TGA was performed to study the thermal stability of the samples. Fish skin [Figure 3]a showed two-step weight loss, with initial weight loss of about 9% at 93°C, second weight loss of about 20% at 424°C, and 58% remained as final residue. Similarly, fish leather [Figure 3]b showed two-step weight loss with initial weight loss of about 13% at 95°C, second weight loss of about 33% at 383°C, and 25% remained as final residue.
Surface morphology of A. monoceros skin [Figure 4]a and leather [Figure 4]b was revealed by scanning electron microscopy. It was confirmed from the micrograph that tanning operation has improved fiber opening in the final leather.
|Figure 4: SEM image (a) fish skin and (b) fish leather (500× magnification)|
Click here to view
EDX spectrum of fish skin [Figure 5]a and fish leather [Figure 5]b revealed the difference in elemental composition. From the EDX spectrum, it was confirmed that elements viz., calcium, silicon, and magnesium were concentrated more on the skin surface, whereas calcium was totally removed in the final leather. The fish leather possessed tensile strength of about 88.62 ± 3.05 MPa, 81.28 ± 8.05% elongation at break, and 54.38 ± 0.46 N/mm as tear strength.
Van Gieson staining was done to identify the changes in collagen structure [Figure 6]a and [Figure 6]b. The study revealed the opening up of fiber structure in the final leather compared to A. monoceros skin.
Characterization of fish skin
The biochemical profile of A. monoceros skin was estimated, to assess its suitability for fish meal. Fish skin of A. monoceros possessed 9.6 ± 0.77% moisture content and 20 ± 1.34% ash content. Biochemical estimations revealed that the skin contained 27.8 ± 2.21% protein, 5.6 ± 0.6% fat, and 0.57 ± 0.1% salt, in addition to good amount of calcium.
| Discussion|| |
Fish skin of A. monoceros was collected in various batches during its high catch period (September–December). There was not much difference in the leather produced using different batches, which proved to be a promising character for leather production. FTIR results revealed the formation of hydrogen bonds due to tanning in fish leather, which was responsible for its stability. Two-stage weight loss was encountered in TGA. The initial weight loss was due to the evaporation of water molecules in the samples. The second weight loss was due to the denaturation of proteins present in fish skin and fish skin leather, respectively. The difference in residue at the end could be attributed to the loss of calcium in tanned leather. Isolated collagen fibers were visible in SEM, which could be attributed to fat liquoring. EDX spectrum revealed the difference caused in fish leather due to tanning operations. Calcium was totally removed in fish leather due to tanning. Mechanical properties of fish leather were higher when compared to the tensile strength (38 MPa) and elongation at break (65%) of sheep leather.Van Gieson staining revealed thick collagen fibers in fish leather, which could be attributed to tanning operations that removed the non-collagenous proteins. Fish meal containing 50–60% protein, 10–12% fat, 7–10% moisture, >2% salt, and 22–25% ash is usually recommended for poultry feed, aqua feed, etc., The presence of essential nutrients in fish skin revealed its potentiality to be used in animal feeds.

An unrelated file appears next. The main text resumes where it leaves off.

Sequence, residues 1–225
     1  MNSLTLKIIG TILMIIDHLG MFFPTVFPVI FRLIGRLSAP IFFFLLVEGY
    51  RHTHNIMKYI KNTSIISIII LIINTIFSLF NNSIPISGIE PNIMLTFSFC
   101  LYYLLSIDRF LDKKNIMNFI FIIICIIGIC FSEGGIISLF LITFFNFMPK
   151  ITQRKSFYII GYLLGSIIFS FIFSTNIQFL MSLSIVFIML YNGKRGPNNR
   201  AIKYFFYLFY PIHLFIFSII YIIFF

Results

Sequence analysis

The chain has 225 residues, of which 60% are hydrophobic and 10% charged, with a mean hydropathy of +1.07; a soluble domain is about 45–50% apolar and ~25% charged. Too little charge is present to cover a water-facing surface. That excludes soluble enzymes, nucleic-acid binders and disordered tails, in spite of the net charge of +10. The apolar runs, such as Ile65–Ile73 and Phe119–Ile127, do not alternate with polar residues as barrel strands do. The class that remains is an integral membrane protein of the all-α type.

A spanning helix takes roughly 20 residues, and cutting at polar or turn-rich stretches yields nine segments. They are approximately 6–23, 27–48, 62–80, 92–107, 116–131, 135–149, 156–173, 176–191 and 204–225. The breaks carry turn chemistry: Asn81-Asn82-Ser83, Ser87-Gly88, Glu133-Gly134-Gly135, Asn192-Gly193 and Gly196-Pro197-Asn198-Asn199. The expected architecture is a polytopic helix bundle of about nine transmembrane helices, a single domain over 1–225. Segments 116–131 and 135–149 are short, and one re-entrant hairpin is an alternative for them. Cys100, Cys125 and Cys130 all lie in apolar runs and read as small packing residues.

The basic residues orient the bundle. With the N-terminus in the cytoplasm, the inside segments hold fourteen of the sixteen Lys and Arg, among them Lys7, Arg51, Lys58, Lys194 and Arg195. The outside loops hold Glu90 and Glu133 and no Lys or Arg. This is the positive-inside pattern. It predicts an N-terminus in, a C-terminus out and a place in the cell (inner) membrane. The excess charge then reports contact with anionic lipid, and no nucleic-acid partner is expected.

Different leather products could be produced from fish leather owing to its physical and chemical properties. The fish leather obtained was of good quality and it had a smooth finish. It was clearly evident from the results, that fish leather possessed better mechanical properties, which may find applications in the manufacture of leather goods. Nowadays, the use of food wastes as animal feed is of high interest, because it stands for environmental and public benefit besides reducing the cost of animal production., Offal from the fishing industry could be used as a feed ingredient, as it represents a valuable source of high-quality protein and energy. When regular leather costs around 4–6 USD per sheet (3 ft × 2 ft), leather produced using fish skin could be sold at 2–3 USD per sheet, since the raw material used for the preparation is relatively cheap. Nevertheless, since the results of the study were promising, future studies could be aimed at conducting studies on a large scale.
| Conclusion|| |
Skin of A. monoceros was converted into leather by standard tanning protocols and the finished leather was characterized for its physio-chemical, histological, and mechanical properties. The mechanical properties clearly promise its use for the production of leather goods items. The biochemical profile of A. monoceros skin also reveals its use for fish meal production. Hence, the study has deciphered a methodology for fish leather production, a waste to wealth conversion, in addition to environmental pollution reduction.
Financial support and sponsorship
Conflicts of interest
There are no conflicts of interest.
| References|| |